Today, for Earth Day and beyond, consider the example we’re setting for our kids.  Consider the ways we could do better.  I’m not suggesting we all go purchase carbon credits or that cloth diapering is for everyone (I do disposables.)  Rather, motivate yourself toward small changes that might foster a conservationist spirit within our kids or engage them in activities that nurture their natural love for the outdoors (and give them the bonus of a health boost!)  Read on for some ideas.

1.  Bring the crayons and colored pencils outside and have your kiddos draw what they see or what they find beautiful. It’s fun to notice what they notice – is their focus on the brilliant sky or a smooth pebble on the ground.  Or, as would be with my child, the fallen tree branch that looks like a lightsaber.

2.  Take a nature walk or a stroll through a green space letting the kids lead. Trail behind their pace without a goal in mind.  You will move slowly.  Very slowly.  At least that’s what’s happened in my experience, but try to relax and let it be.  Kids are super curious and watching them get distracted by a clover patch or a particularly intriguing tree gives the adult mind space to appreciate something we may not have otherwise seen.

3.  If the water is safe in your town, drink it! Give up bottled water and fill a reusable vessel from the tap.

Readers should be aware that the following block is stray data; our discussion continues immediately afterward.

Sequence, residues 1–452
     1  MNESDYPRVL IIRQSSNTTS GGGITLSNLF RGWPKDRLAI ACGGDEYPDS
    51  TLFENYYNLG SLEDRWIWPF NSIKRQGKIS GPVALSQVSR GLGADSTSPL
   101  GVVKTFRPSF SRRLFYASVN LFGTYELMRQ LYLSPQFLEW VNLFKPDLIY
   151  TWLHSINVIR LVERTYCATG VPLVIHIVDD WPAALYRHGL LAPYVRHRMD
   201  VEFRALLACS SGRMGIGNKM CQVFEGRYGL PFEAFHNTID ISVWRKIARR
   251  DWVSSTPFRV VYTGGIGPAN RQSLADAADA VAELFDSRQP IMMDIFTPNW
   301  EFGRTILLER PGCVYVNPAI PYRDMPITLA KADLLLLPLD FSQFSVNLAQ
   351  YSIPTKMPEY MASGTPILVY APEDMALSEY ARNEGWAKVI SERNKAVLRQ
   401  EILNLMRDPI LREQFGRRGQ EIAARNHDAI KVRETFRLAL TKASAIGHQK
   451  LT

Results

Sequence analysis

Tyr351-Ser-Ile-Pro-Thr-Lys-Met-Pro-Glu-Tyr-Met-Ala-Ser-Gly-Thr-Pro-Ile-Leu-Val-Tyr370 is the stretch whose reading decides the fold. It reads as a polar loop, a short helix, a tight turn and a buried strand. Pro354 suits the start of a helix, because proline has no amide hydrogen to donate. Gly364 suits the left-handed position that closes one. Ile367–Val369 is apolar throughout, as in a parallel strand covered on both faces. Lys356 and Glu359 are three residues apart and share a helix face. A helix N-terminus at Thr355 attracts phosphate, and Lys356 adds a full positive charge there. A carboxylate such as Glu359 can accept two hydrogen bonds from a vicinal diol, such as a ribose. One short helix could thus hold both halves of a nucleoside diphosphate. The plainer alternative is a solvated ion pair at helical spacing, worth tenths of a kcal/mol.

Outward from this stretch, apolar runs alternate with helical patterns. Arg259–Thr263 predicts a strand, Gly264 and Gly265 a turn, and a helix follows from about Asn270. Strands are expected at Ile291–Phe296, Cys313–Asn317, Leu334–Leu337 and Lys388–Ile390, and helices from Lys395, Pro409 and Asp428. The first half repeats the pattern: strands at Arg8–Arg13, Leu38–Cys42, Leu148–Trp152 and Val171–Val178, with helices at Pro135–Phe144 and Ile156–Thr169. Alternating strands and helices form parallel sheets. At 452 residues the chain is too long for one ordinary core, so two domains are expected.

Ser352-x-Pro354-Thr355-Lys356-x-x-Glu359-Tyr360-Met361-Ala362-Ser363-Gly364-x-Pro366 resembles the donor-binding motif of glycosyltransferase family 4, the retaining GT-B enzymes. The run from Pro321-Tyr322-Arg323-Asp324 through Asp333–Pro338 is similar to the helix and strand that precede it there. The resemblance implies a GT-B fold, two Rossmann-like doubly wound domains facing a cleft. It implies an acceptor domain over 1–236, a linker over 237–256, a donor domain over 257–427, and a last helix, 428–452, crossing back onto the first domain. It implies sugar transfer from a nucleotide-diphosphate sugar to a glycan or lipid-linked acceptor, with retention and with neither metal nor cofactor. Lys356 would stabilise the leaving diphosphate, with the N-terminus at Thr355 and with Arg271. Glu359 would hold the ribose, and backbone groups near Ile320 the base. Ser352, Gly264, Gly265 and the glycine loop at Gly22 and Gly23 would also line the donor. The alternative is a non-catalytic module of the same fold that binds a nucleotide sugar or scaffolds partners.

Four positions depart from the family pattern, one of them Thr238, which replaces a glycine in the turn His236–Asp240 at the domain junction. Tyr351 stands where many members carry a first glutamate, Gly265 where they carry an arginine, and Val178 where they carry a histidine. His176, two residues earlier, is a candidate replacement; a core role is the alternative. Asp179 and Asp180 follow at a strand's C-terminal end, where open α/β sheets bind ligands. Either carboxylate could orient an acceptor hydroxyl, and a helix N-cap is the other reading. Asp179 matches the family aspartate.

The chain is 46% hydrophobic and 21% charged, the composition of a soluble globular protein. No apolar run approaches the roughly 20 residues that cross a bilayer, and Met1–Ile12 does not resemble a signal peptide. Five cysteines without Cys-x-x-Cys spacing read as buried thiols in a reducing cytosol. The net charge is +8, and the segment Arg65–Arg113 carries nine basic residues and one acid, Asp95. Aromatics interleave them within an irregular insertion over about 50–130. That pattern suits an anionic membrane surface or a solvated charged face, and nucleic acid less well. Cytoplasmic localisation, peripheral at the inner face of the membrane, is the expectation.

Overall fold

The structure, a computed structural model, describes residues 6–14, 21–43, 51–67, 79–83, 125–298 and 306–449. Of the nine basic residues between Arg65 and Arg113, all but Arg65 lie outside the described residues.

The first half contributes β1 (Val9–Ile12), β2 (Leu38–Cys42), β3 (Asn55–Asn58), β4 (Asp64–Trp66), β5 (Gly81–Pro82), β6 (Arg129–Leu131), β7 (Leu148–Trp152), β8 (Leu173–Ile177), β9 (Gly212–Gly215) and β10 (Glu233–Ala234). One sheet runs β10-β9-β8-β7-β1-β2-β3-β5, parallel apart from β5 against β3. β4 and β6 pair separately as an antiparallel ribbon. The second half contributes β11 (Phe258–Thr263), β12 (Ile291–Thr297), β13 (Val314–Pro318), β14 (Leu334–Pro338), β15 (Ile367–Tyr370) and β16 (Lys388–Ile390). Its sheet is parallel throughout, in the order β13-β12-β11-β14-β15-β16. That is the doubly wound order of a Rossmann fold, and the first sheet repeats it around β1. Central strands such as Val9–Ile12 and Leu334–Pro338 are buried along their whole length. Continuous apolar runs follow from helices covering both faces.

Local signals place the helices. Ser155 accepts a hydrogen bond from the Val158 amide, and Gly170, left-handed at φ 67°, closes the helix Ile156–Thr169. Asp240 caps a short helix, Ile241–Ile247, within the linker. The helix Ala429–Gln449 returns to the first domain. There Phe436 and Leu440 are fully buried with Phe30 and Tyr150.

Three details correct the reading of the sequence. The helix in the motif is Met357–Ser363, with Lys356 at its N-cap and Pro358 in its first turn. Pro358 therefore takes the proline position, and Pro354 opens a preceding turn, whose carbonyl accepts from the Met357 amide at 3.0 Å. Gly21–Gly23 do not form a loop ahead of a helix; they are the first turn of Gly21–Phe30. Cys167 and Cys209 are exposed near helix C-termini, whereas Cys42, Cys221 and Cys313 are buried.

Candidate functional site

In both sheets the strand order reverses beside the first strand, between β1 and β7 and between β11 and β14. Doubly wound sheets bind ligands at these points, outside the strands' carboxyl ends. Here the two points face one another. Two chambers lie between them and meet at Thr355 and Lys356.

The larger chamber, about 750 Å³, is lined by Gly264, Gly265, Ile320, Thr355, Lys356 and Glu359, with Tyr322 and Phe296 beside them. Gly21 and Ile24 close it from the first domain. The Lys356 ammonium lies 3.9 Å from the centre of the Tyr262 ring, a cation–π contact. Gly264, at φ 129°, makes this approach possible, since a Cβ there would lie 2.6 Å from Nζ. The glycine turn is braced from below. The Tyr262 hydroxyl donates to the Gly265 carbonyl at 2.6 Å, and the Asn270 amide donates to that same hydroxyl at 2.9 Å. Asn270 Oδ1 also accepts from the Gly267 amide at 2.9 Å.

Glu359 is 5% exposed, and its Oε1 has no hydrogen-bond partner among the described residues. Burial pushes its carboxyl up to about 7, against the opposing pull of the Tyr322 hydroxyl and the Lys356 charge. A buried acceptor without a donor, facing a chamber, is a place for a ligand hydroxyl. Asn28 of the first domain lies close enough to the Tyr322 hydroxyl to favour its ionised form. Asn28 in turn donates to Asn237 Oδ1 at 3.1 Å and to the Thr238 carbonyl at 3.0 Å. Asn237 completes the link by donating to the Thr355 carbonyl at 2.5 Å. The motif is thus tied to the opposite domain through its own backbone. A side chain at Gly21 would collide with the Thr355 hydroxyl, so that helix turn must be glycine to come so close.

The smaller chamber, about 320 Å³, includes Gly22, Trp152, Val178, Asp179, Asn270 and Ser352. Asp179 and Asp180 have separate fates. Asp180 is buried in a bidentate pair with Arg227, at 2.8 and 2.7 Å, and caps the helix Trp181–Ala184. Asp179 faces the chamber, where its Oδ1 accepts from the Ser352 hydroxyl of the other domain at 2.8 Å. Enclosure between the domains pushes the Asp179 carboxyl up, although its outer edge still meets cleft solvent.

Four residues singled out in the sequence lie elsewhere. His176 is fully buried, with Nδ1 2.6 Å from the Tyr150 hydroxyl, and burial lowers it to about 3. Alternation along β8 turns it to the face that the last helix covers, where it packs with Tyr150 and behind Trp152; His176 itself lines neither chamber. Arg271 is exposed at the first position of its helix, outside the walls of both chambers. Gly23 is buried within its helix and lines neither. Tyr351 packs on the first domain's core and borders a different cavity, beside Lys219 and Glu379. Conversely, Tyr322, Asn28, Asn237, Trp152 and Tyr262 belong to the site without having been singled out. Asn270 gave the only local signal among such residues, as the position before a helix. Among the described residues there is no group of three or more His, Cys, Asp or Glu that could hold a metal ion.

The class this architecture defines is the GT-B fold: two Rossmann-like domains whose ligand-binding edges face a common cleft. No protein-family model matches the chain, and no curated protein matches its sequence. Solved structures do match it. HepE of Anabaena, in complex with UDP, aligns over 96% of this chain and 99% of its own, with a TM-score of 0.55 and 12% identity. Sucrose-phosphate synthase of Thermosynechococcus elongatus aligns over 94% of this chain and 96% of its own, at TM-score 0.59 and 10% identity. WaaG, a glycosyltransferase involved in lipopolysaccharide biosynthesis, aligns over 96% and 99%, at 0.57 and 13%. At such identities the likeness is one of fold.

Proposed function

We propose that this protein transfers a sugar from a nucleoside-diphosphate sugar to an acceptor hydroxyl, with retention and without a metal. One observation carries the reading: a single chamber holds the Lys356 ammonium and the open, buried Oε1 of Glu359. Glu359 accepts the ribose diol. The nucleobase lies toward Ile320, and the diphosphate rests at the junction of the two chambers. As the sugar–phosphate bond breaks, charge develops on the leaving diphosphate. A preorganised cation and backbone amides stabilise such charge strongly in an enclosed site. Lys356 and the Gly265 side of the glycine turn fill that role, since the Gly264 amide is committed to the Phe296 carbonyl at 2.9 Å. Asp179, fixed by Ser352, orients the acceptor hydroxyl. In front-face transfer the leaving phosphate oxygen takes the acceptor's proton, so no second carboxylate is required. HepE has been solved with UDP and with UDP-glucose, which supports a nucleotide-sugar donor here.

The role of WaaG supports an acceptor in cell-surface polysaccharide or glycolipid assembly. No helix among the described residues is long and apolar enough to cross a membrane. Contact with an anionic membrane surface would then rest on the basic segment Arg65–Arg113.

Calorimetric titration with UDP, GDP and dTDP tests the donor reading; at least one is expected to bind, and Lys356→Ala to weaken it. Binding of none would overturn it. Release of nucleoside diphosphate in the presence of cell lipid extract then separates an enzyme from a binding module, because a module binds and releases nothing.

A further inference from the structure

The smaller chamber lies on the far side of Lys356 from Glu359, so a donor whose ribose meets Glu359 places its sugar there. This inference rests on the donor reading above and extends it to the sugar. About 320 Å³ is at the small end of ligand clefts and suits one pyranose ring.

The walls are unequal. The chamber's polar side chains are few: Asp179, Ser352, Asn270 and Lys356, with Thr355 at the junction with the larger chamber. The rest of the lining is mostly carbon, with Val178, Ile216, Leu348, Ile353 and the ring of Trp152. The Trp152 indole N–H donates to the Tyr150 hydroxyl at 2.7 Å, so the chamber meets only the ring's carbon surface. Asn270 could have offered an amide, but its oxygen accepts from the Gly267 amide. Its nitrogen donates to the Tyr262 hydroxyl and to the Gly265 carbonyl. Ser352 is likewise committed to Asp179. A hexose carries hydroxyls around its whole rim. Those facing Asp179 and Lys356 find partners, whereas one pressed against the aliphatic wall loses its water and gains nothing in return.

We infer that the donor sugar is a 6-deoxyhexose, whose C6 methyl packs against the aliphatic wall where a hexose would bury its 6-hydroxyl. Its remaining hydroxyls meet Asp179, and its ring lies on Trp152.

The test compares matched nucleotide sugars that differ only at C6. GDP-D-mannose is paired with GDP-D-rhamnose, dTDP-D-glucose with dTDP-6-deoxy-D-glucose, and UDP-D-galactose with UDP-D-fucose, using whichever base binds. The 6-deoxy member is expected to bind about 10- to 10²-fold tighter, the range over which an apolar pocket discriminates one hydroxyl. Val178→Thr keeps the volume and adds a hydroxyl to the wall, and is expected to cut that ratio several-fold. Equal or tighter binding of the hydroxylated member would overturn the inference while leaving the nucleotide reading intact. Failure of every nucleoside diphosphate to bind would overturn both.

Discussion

4.  Consider cloth napkins at home. The investment will ultimately pay for itself when you add up the cost of buying, and re-buying, disposable paper napkins.

5.  Take a “field trip” to the local dump to talk to your kids about where trash and recyclables end up after being collected by the garbage truck.The_Lorax

6.  Read “The Lorax” by Dr. Seuss. Naysayers may feel it’s a bit extremist, one-sided, even dark at times, but if you can get past the critics, I feel it’s an excellent read and conversation starter for the elementary aged child.    No need to buy; any library worth its salt will have a copy.

7.  Pick up litter from public spaces. The more you do it the more it becomes a habit.

8.  Plant something edible. Even if it’s just a bean from the pantry into a soil-filled can.  Kids love learning how to grow things and it helps them wrap their heads around the mystery of where food comes from.

9.  Let your littles play in dirt, jump in leaf piles, splash in puddles, and run around in the rain. Sensory experiences such as these enliven the spirit.  Yeah, it’s messy, but kids are washable.

10. Encourage your kids to donate used clothes and toys instead of throwing them away. In turn, accept the hand-me-downs of others and consider buying second hand.  Consumerism is addictive and it’s growing our landfills exponentially.  I’m bad at this.  I just bought my son a new water bottle because he desperately wanted the type his friend from preschool has.  One day at a time, one battle at a time.  We’re all just doing the best we can.

Happy Earth Day!

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On Loving the Earth by Sarah Kiser, CPNP-PC is licensed under a Creative Commons Attribution-NonCommercial-ShareAlike 4.0 International License.

About sarahkiser

Pediatric nurse practitioner, writer, mother of two.